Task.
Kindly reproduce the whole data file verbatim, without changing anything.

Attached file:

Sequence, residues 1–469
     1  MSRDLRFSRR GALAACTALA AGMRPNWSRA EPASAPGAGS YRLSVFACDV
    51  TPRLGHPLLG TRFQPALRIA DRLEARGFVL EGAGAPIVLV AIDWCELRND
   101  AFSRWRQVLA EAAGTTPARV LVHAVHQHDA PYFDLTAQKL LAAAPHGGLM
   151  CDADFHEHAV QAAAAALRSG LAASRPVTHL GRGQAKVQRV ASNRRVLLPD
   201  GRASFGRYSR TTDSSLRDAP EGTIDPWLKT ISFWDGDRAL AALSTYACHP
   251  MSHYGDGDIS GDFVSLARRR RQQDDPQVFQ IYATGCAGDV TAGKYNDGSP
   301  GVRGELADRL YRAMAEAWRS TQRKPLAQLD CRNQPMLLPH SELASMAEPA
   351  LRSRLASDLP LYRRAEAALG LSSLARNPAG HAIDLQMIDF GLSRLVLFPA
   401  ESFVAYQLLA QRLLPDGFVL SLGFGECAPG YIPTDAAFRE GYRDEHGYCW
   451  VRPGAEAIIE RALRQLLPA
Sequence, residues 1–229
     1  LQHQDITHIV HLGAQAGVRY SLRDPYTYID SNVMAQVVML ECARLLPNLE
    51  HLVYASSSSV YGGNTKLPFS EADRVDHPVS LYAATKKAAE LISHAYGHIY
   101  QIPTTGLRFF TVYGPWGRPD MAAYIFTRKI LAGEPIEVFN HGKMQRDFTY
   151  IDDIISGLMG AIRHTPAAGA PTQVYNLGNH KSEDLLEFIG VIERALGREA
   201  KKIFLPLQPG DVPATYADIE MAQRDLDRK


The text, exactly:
Sequence, residues 1–469
     1  MSRDLRFSRR GALAACTALA AGMRPNWSRA EPASAPGAGS YRLSVFACDV
    51  TPRLGHPLLG TRFQPALRIA DRLEARGFVL EGAGAPIVLV AIDWCELRND
   101  AFSRWRQVLA EAAGTTPARV LVHAVHQHDA PYFDLTAQKL LAAAPHGGLM
   151  CDADFHEHAV QAAAAALRSG LAASRPVTHL GRGQAKVQRV ASNRRVLLPD
   201  GRASFGRYSR TTDSSLRDAP EGTIDPWLKT ISFWDGDRAL AALSTYACHP
   251  MSHYGDGDIS GDFVSLARRR RQQDDPQVFQ IYATGCAGDV TAGKYNDGSP
   301  GVRGELADRL YRAMAEAWRS TQRKPLAQLD CRNQPMLLPH SELASMAEPA
   351  LRSRLASDLP LYRRAEAALG LSSLARNPAG HAIDLQMIDF GLSRLVLFPA
   401  ESFVAYQLLA QRLLPDGFVL SLGFGECAPG YIPTDAAFRE GYRDEHGYCW
   451  VRPGAEAIIE RALRQLLPA
Sequence, residues 1–229
     1  LQHQDITHIV HLGAQAGVRY SLRDPYTYID SNVMAQVVML ECARLLPNLE
    51  HLVYASSSSV YGGNTKLPFS EADRVDHPVS LYAATKKAAE LISHAYGHIY
   101  QIPTTGLRFF TVYGPWGRPD MAAYIFTRKI LAGEPIEVFN HGKMQRDFTY
   151  IDDIISGLMG AIRHTPAAGA PTQVYNLGNH KSEDLLEFIG VIERALGREA
   201  KKIFLPLQPG DVPATYADIE MAQRDLDRK